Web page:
The Righteous Blu-ray Review: An Audacious First Film

A married couple grieving for their lost daughter. A stranger at the door asking for help. Then asking for something more. Something sinister. Stark black and white photography. Bergman-esque questions about God and sin, guilt, and shame. Mark O’Brien’s debut film The Righteous takes a very big swing right from the start. That it never quite hits it out of the park shouldn’t be counted too hard against it. We should be thankful there are still films trying for something original, something more than just obtaining another sequel or becoming a franchise.

A young girl has died in a tragic accident. A former priest, Frederic Mason (Henry Czerny), and his wife Ethel (Mimi Kuzyk) had adopted the girl when her mother (Kate Corbett) just couldn’t take care of her. They are in deep grief when the film begins. Comforting words from their priest don’t help, and a visit from the mother only reminds them of what they’ve lost.

Late one night, Frederic hears something outside. A man is crying for help. He says he’s hurt his foot, but when questioned about it, he is evasive. When asked what he’s doing out in the middle of nowhere he says he was meeting a friend, but he got lost. When asked what the friend’s name is he says he can’t remember. Neither does he know when or where they were to meet. He says his name is Aaron Smith which sounds made up. It all sounds fishy. Frederic wonders if it’s some kind of scam. Will the man rob them? Or worse? His Christian instincts kick in and he says he’ll get the man some first aid. Ethel calls the cops.

When he returns, Aaron (played by writer/director Mark O’Brien) is laying on the ground crying out in pain. Frederic carries him into the house. When the cops arrive, he tells the officer a story, says that it was all a misunderstanding, the man is actually a long, lost cousin, and he sends the cop away. Frederic has decided to help the man. Ethel isn’t so sure but she doesn’t go against her husband’s wishes. By the morning, she’ll be fixing him pancakes and asking him to stay a few more days.

The score is eerie; the black and white photography gives every scene a foreboding presence. This isn’t a film that lulls you into a sense of comfort and then surprises you with a shock. You spend the film waiting for something terrible to happen. A sense of dread fills every frame.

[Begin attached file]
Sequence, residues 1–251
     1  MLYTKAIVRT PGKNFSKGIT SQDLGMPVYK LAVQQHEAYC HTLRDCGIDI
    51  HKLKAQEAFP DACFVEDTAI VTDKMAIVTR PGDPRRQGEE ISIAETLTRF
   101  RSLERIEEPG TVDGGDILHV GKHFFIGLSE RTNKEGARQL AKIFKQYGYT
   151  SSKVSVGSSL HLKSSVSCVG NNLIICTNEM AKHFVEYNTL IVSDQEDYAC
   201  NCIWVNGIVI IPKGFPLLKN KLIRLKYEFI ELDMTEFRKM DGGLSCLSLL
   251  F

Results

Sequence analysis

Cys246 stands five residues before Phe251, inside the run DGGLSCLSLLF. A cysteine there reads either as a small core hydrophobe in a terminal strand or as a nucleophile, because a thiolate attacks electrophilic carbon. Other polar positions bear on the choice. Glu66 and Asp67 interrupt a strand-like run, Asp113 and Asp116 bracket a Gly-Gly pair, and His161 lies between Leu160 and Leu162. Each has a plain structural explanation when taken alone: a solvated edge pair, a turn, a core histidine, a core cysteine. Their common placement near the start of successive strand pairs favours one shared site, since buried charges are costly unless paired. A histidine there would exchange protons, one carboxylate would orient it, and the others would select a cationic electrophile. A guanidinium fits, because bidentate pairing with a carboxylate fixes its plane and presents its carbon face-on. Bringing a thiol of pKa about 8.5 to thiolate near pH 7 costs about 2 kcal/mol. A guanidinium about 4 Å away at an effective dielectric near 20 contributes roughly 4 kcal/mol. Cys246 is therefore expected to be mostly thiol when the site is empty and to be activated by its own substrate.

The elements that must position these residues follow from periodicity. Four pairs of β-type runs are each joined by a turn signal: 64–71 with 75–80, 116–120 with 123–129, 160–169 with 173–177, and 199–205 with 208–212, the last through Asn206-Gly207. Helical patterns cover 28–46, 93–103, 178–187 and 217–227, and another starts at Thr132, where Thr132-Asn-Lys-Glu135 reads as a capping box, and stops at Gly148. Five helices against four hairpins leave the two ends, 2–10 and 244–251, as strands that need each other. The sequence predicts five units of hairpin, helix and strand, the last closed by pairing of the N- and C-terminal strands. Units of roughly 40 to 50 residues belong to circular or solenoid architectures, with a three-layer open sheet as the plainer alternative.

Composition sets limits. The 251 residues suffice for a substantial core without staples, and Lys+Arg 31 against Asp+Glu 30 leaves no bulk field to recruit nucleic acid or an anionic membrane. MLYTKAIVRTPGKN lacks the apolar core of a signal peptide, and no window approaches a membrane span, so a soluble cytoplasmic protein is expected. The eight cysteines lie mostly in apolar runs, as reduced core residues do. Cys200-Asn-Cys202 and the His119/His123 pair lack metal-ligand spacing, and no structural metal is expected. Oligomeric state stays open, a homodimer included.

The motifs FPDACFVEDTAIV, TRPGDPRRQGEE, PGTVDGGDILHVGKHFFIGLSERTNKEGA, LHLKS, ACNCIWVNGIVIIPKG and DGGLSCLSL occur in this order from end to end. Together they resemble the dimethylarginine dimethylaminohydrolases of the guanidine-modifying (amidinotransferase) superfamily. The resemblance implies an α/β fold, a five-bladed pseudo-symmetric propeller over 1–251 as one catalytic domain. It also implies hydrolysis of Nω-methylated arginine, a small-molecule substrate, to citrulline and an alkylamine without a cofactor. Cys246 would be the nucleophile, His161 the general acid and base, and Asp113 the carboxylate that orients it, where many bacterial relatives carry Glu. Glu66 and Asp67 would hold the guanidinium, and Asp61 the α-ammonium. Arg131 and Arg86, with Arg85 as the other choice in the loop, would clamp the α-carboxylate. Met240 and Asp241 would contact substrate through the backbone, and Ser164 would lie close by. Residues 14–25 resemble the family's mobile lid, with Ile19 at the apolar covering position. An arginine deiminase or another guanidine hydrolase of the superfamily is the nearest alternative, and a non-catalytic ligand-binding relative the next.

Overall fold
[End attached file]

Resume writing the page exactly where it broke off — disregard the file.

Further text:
Aaron seems to know more about Frederic than he lets on. Frederic has a dark past. The film slowly reveals their connection while asking big questions about God, father, and forgiveness. The questions aren’t all that enlightening. To its credit, it never really tries to answer them. At times, it feels like the filmmakers spent some time in a Theology 101 class and came out thinking they has something important to say.

The film works best as a character study. The camera rarely strays far from Frederic. It gazes at Henry Czerny’s face. He’s quite good in the role. There is deep emotion rolling behind those eyes. He rarely lets it out. There is dark anger in every move Aaron makes. But he’s never quite sinister enough. For a film like this to work for me, I need to really feel that he’s capable of anything. That who is really is and what he really wants is going to be shocking, and it could be anything you can imagine. When the truth does come out, it felt more ‘meh’ than ‘oh, wow’.

It does look fantastic. Scott McClellan’s cinematography is beautiful to look at. The performances are good. It is a well-made film all around. For a debut film, it is pretty darn terrific. I may not have been wholly satisfied with the film, but I’ll definitely be looking forward to seeing what Mark O’Brien does next.

Arrow Video presents The Righteous with a gorgeous 1080p transfer. Extras include an audio commentary by writer, director, and actor Mark O’Brien and editor Spencer Jones; cast and crew interviews; a roundtable discussion with the director and hosts of Radio Silence podcast; a couple of Q&As from film festivals; the film’s original soundtrack; and an image gallery. The booklet features an essay from Sean Hogan.

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Mat Brewster

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